Packaging your python scripts. – Yasoob Khalid


Oh hi there! Welcome to another useful post. This post is going to be about how to package your python scripts and packages for distribution on PyPI or some other place. Here I won’t go too deep into explaining everything as most of us just need to know the basics of packaging. However i will provide you with different links for further study.

Okay lets talk about setuptools first. What is it? It’s a Python module which allows us to easily package our python scripts and modules for distribution. However there are other packaging libraries as well but here i will talk about setuptools only.

So what should be the basic example to show the usage of setuptools? Here you go. For basic use of setuptools, just import things from setuptools and then look below for the minimal setup script using setuptools.

from setuptools import setup, find_packages
setup(
    name = "HelloWorld",
    version = "0.1",
    packages = find_packages(),
)

As you see we don’t have to specify much in order to use setuptools in a project. Just by doing the above, this project will be able to produce eggs, upload to PyPI, and automatically include all packages in the directory where the setup.py lives. But when you are releasing your projects on PyPI then you should add a bit more information about yourself and this package and if your project relies on some external dependencies then list them there as well. Here is another script which can do all that:

from setuptools import setup, find_packages
setup(
    name = "HelloWorld",
    version = "0.1",
    packages = find_packages(),
    scripts = ['say_hello.py'],

    # Project uses reStructuredText, so ensure that the 
    # docutils get installed or upgraded on the target 
    # machine
    install_requires = ['docutils>=0.3'],

    package_data = {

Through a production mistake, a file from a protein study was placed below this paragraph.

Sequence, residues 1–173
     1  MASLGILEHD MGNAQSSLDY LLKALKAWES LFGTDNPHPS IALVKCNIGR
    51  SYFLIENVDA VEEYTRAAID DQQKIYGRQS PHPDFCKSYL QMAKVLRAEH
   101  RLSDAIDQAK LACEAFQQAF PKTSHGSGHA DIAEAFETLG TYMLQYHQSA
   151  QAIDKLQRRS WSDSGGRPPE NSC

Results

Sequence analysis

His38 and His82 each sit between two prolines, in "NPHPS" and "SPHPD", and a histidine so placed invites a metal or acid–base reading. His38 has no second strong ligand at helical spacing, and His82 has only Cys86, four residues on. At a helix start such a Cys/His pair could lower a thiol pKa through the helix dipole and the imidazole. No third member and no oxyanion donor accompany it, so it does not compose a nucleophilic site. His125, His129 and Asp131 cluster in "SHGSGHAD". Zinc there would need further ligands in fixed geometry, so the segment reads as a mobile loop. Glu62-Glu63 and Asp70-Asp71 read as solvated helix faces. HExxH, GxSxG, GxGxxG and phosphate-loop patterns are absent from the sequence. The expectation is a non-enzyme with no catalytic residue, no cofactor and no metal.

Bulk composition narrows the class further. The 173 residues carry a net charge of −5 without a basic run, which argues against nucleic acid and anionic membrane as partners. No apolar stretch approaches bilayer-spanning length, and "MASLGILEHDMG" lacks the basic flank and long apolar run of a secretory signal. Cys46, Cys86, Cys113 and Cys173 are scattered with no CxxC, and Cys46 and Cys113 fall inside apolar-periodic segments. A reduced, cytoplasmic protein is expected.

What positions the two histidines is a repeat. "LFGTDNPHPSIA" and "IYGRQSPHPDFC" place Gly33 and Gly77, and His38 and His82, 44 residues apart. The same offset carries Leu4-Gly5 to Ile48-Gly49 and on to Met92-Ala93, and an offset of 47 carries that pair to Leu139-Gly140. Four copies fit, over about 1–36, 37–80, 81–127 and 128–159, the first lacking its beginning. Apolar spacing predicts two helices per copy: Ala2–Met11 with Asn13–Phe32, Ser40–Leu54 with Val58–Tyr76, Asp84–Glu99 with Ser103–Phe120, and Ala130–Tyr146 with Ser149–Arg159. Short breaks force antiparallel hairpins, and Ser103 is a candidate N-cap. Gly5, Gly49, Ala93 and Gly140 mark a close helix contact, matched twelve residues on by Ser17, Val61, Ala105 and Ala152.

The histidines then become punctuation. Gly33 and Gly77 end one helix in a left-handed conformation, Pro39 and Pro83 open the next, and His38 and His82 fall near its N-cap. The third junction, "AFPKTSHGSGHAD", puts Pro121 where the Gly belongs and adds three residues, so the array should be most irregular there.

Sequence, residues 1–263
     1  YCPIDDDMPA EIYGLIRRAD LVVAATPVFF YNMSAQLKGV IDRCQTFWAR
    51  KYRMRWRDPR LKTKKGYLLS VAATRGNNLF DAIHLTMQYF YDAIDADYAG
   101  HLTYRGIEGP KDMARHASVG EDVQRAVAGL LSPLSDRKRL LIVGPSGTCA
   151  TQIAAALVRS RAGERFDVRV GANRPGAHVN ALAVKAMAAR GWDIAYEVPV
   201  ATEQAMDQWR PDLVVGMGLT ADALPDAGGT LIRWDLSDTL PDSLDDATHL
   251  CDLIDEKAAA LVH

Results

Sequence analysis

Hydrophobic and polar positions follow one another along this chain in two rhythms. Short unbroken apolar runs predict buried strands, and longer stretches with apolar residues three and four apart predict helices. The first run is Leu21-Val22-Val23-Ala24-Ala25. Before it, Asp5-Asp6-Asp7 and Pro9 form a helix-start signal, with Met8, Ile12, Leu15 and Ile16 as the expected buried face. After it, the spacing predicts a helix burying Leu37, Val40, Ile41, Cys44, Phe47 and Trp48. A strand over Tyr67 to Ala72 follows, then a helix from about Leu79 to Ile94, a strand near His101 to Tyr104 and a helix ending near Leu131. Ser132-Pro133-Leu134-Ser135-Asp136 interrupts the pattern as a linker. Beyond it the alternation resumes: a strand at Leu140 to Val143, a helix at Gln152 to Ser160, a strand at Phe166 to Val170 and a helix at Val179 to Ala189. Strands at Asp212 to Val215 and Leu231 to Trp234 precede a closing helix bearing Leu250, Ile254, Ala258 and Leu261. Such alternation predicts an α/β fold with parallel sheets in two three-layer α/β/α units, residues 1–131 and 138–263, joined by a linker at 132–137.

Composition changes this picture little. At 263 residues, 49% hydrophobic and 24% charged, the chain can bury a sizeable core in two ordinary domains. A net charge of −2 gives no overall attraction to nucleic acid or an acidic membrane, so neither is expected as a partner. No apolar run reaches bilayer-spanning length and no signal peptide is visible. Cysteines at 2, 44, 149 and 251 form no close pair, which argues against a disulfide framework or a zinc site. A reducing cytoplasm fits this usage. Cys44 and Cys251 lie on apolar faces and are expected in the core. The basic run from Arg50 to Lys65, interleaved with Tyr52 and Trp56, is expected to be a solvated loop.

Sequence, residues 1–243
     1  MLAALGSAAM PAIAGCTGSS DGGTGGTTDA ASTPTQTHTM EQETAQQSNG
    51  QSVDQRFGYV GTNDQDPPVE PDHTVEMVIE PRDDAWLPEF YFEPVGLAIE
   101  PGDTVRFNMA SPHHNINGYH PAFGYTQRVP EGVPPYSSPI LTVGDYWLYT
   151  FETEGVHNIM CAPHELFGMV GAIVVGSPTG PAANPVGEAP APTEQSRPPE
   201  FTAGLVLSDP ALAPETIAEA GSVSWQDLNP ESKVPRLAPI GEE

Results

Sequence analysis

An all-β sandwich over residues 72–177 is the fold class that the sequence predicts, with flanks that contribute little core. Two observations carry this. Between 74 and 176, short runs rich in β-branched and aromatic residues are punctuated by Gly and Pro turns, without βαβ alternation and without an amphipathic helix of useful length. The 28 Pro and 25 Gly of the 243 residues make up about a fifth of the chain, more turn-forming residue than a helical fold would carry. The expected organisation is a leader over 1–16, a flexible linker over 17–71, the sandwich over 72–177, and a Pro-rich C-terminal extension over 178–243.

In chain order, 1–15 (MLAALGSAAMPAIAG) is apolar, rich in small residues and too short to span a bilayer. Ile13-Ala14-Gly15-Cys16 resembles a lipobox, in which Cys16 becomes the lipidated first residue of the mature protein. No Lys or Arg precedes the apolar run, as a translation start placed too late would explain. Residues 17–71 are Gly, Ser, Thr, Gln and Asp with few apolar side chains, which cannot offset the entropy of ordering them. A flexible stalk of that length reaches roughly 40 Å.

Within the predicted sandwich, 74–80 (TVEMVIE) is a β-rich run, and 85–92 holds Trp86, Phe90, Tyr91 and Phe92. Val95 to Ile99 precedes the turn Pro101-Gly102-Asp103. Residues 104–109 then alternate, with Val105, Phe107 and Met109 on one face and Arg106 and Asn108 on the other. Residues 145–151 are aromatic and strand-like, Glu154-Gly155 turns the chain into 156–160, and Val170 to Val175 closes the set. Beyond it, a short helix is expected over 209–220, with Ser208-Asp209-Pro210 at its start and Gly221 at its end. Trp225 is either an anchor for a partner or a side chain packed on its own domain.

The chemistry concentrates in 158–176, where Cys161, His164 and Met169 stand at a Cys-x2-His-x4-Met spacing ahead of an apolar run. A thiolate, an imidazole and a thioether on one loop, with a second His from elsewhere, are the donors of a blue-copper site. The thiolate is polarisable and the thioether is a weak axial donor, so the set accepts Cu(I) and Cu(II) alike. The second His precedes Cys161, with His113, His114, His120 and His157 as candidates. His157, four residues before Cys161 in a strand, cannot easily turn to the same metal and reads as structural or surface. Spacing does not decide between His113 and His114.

# If any package contains *.txt or *.rst files,
        # include them:
        '': ['*.txt', '*.rst'],
        # And include any *.msg files found in the 
        # 'hello' package, too:
        'hello': ['*.msg'],
    },

    # metadata for upload to PyPI
    author = "Me",
    author_email = "[email protected]",
    description = "This is an Example Package",
    license = "PSF",
    keywords = "hello world example examples",
    # project home page, if any :
    url = "http://example.com/HelloWorld/",   

    # could also include long_description, download_url,
    # classifiers, etc.
)

I hope this is enough for now. However here are some other packaging libraries in case you were wondering :

  1. Distutils is the standard tool used for packaging. It works rather well for simple needs, but is limited and not trivial to extend.
  2. Setuptools is a project born from the desire to fill missing distutils functionality and explore new directions. In some sub-communities, it’s a de facto standard. It uses monkey-patching and magic that is frowned upon by Python core developers.
  3. Distribute is a fork of Setuptools that was started by developers feeling that its development pace was too slow and that it was not possible to evolve it. Its development was considerably slowed when distutils2 was started by the same group.
  4. Distutils2 is a new distutils library, started as a fork of the distutils codebase, with good ideas taken from setup tools (of which some were thoroughly discussed in PEPs), and a basic installer inspired by pip. Distutils2 did not make the Python 3.3 release, and it was put on hold.

Source: Stackoverflow

For further study i recommend: http://pythonhosted.org/distribute/setuptools.html



Source link

Leave a Comment

Your email address will not be published. Required fields are marked *

Scroll to Top